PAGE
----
When Barack Obama is announcing new legislation or rallying the Democratic base, there’s one key destination the president is likely to visit: a Virginia public school.
Last month, when the president was in search of a location to sign new patent legislation, he chose the Thomas Jefferson High School of Science and Technology in Alexandria. Last week, when Michelle Obama gave a speech about U.S.-Korean relations, she chose Annandale High School.
When the president is speaking about education, the chances that he’ll plant himself in a Virginia high school auditorium or an elementary school cafeteria are even higher. Recall that his 2009 stay-in-school speech — which conservative parents across the country labeled socialist propaganda — was given at Wakefield High School in Arlington. And his spring address on education reform, including a call to reform No Child Left Behind, was televised from Kenmore Middle School, also in Arlington.
These choices are no doubt the product of convenience as much as political calculation. A trip from the White House to Arlington or Fairfax doesn’t take more than 20 minutes.
But there’s more to it than that, as Obama has made clear in his numerous speeches in schools throughout the region. Even before he was elected, then-senator Obama chose T.C. Williams High School in Alexandria to deliver a key campaign speech about the need to improve American public education. It’s no coincidence that he chose to give that address at T.C. Williams; the high school has been identified as one of the nation’s poorest performing schools.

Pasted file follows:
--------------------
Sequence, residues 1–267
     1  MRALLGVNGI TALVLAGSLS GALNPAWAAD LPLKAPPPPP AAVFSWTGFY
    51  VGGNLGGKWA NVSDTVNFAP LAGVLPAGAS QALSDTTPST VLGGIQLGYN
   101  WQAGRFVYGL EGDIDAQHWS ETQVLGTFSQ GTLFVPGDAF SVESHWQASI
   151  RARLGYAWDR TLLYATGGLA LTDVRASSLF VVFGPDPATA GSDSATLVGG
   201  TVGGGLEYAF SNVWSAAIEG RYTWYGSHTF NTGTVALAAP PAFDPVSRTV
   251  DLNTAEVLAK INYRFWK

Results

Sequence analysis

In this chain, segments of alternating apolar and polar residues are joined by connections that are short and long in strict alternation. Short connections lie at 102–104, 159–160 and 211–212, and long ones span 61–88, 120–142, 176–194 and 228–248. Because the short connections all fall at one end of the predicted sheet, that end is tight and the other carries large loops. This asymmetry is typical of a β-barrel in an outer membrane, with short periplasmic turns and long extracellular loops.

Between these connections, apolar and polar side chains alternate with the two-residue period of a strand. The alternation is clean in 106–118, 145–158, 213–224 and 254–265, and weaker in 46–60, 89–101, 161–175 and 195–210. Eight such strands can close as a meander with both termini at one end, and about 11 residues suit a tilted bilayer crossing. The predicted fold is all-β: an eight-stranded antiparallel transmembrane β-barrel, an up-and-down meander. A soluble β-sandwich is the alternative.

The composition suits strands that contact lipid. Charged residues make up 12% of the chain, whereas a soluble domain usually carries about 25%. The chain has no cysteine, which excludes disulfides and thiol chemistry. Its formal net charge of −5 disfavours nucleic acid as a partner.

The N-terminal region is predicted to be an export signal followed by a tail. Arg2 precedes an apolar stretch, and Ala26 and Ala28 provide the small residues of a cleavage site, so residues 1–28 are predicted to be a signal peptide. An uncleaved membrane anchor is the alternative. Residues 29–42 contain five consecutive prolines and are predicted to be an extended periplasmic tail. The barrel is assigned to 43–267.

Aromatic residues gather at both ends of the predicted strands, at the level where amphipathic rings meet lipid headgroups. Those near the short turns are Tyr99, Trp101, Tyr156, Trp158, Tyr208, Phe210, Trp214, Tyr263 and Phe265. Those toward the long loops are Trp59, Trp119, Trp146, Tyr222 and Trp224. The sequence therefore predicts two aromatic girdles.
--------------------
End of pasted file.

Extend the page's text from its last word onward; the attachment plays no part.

Similarly, it’s not surprising that he chose Thomas Jefferson High School to sign the patent bill. “TJ,” as its known, is often considered the nation’s top public school, with an impressive record of producing scientists and innovators.
And it shouldn’t come as a shock that Michelle Obama chose Annandale High School to address strong U.S.-Korea ties; the community is home to one of the country’s most concentrated populations of recent Korean immigrants.
Obama is hardly the first president to tap into the intellectual and racial diversity of Virginia schools in his political addresses. His predecessors made similar jaunts across the Potomac — though perhaps not as many — to explain legislation and win over voters. Few regions in the country offer the variety of academic backdrops for the range of speeches that a president is expected to deliver.
Forty years ago, the Virginia Tourism Corporation told the country in billboards and television ads that “Virginia is for Lovers.” Turns out it’s for presidential politicking, too.